A very quick lop off the top of the main trunk.  I initially did this to promote better taper but  I like the idea of a possible kifu sized twin trunk tree.  It would be unusual as a bonsai style though, with the minor trunk at the back.  It’s been supported by its new roots for a year now and growth was minimal last year.  I plan to feed very heavily this year to beef it up a bit.

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This side presents the best width of trunk and nebari

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I could reduce it down even further to the first vertical branch on the main trunk. Any opinions?

 

 

 

 

 

 

 

 

 

 

 

 

 

 

 

 

 

 

 

 

 

 

 

 

 

 

 

 

 

 

 

 

 

 

 

 

 

 

 

 

 

 

 

 

 

 

 

 

 

 

 

 

 

 

 

 

 

 

 

 

 

 

 

 

 

 

 

 

 

 

 

 

 

 

 

 

 

 

 

 

 

 

 

 

 

 

 

 

 

 

 

 

 

 

 

 

 

 

 

 

 

 

 

 

 

 

 

 

 

 

 

 

 

 

 

 

 

 

 

 

 

 

 

 

 

 

 

 

 

 

 

 

 

 

 

 

 

 

 

 

 

 

 

 

 

 

 

 

 

 

 

 

 

 

 

 

 

 

 

 

 

 

 

 

 

 

 

 

 

 

 

 

 

 

 

 

 

 

 

 

 

 

 

 

 

 

 

 

 

 

 

 

 

 

 

 

 

 

 

 

 

 

 

 

 

 

 

 

 

 

 

 

 

 

 

 

 

 

 

 

 

 

 

 

 

 

 

 

 

 

 

 

 

 

 

 

 

 

 

 

 

 

 

 

 

 

 

 

 

 

 

 

 

 

 

 

 

 

 

 

 

 

 

 

 

 

 

 

 

 

 

 

 

 

 

 

 

 

 

 

 

 

 

 

 

 

 

 

 

 

 

 

 

 

 

 

 

 

 

 

 

 

 

 

 

 

 

 

 

 

 

 

 

 

 

 

 

 

 

 

 

 

 

 

 

 

 

 

 

 

 

 

 

 

 

 

 

 

 

 

 

 

 

 

 

 

 

 

 

 

 

 

 

 

Shammah Beech

1 jul 11

July 2011

This is a European beech that is nicknamed after the friend whose garden I ‘rescued’ it from in the summer of 2011.  I say rescued because he thought it was a weed and was in the process of resurfacing old flower beds in the garden of the house he just bought.  By chance I happened to be there for a barbeque and having started my bonsai interest, I noticed the plant and asked him of I could give it a home – not because it was really nice, mature material, just because I wanted anything I could get my hands on!  Anyway I knew enough to realise that it was definitely out of season for rootpruning/repotting and that it was a big gamble trying but had a go anyway.  I just took a spade to it and cut around it.  It didn’t come out easily but I persevered and took it home in a plastic bag.  It was potted straight away into pure cat litter, placed in the shade and frequently misted. I crossed my fingers for the next while.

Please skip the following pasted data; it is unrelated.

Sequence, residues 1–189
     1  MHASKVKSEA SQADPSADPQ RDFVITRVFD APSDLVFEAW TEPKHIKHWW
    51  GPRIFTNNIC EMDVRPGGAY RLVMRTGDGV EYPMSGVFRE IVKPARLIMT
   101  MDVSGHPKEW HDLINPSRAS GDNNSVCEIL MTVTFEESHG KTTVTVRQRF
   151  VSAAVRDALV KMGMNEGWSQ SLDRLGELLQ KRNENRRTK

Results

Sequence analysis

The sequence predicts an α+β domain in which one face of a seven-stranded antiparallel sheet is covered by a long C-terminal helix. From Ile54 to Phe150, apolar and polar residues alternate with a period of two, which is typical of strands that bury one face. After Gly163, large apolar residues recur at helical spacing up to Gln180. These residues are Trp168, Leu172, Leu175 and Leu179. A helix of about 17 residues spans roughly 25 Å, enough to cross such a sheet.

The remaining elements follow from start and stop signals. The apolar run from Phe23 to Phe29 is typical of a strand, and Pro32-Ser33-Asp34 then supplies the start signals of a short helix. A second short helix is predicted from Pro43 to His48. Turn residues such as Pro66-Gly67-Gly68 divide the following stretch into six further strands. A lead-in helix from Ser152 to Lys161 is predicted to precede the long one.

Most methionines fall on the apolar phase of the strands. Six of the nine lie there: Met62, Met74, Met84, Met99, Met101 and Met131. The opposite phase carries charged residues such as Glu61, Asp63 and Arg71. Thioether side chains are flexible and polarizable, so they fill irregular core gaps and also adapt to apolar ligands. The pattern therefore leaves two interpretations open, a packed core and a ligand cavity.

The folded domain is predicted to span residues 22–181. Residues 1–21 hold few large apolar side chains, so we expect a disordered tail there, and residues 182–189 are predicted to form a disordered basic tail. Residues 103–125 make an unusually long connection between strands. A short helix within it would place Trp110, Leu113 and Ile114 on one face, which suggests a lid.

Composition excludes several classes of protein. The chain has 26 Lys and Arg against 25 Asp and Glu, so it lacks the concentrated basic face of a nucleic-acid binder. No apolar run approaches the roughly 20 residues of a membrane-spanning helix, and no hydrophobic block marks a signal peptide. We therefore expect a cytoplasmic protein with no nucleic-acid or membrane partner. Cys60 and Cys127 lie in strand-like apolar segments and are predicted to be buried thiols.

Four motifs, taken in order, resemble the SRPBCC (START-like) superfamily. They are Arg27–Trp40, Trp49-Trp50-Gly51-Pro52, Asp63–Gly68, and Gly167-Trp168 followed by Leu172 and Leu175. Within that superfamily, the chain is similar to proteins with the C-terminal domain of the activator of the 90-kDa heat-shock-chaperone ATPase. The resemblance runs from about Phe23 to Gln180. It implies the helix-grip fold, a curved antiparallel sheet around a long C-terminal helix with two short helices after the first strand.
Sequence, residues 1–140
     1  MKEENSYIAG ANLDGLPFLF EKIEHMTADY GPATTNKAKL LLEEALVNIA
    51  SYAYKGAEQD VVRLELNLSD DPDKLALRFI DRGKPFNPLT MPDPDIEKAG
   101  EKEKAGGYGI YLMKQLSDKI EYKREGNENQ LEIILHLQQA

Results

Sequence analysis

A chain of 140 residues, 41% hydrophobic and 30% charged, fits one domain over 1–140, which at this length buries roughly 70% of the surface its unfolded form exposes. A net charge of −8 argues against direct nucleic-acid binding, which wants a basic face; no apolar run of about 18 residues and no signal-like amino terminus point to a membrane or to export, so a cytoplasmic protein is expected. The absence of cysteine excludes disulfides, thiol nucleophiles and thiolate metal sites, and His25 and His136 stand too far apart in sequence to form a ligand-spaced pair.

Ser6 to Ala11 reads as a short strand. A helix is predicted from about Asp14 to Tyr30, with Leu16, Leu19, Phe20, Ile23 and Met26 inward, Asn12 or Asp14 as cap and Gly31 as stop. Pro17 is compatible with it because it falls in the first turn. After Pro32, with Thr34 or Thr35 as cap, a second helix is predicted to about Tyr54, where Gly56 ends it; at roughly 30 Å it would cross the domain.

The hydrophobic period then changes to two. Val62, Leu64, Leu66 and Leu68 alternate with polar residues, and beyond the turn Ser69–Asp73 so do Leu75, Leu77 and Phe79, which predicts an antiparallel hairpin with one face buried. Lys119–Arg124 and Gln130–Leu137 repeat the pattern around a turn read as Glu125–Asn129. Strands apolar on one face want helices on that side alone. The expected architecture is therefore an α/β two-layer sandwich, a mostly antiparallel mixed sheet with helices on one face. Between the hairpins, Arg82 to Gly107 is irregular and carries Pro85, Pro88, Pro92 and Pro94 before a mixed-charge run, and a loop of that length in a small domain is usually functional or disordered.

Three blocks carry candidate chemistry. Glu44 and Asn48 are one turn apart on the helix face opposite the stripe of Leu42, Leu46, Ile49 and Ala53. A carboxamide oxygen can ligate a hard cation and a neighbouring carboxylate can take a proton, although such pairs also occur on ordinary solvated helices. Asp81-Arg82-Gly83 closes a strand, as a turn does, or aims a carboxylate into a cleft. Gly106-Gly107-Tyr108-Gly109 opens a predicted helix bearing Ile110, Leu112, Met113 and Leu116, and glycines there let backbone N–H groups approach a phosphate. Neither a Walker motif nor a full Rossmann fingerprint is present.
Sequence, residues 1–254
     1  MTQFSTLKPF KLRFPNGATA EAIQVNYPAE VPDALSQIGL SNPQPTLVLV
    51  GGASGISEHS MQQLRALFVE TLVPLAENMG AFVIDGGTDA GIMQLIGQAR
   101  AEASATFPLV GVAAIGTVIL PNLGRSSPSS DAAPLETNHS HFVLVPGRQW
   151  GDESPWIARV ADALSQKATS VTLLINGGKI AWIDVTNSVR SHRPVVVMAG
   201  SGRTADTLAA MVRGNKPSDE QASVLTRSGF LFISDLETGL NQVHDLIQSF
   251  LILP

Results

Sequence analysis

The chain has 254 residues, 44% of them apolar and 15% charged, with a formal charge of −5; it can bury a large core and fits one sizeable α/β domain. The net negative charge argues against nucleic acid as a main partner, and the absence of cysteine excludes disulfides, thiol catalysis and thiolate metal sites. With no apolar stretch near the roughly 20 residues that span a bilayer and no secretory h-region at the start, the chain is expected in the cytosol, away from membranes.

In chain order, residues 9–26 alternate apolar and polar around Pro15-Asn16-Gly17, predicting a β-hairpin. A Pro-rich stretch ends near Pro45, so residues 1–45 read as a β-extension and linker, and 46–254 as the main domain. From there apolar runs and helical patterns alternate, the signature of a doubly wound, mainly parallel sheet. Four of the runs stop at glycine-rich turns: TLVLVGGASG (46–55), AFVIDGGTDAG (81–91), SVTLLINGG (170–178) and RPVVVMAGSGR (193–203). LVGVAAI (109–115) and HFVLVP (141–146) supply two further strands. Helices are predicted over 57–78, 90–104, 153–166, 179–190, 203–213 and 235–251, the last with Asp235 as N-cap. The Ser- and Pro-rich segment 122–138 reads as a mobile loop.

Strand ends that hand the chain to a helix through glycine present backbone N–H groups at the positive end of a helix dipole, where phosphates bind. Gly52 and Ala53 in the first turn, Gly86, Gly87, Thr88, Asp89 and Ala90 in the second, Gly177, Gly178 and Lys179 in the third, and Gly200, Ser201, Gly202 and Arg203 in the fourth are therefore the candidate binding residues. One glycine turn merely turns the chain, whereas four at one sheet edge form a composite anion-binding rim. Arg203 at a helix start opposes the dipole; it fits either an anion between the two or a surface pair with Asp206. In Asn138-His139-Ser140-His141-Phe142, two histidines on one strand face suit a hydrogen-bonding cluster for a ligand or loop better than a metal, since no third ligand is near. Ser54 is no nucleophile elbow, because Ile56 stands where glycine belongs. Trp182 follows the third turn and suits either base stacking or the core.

3 aug 11

Aug 2011

Over a month later it was still green so I started giving it a low dosage feed.  You can see the lower trunk suffered considerable strimmer damage and was quite thin at the point of the scarring.  I knew that this inverse taper was a major problem so the following spring I decided to put the tree in the ground and put a wire tourniquet on to produce a new root system above the damage.  The tree didn’t have existing nebari and I found out that the root mass was concentrated around one heavy tap root.  The tourniquet would solve both issues.  So I left it for three years in the heavy clay soil of my new house and it hasn’t grown much at all above ground but a couple of weeks ago I lifted it and I can see where all the energy went – into the new root system.

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Note the length of trunk between the two root systems.

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Note the original thick tap root – unsuitable for bonsai. The trunk is also thicker above the new root mass.

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Close up of new nebari

I’m really happy with the new nebari which circle the trunk and show a lot of promise for the future.  Everything was washed out and I cut back the two heaviest roots on the left of the picture to give the others a chance to increase in girth.  The tree was planted into a deep plastic tub to promote more growth above soil level now.  Once it recovers I’ll feed it heavily and start development into an informal upright chuhin tree (hopefully!)

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May 2015

Since this last photo was taken a few weeks ago, it has now budded out and leaves are making an appearance.  Looking forward to working with this one.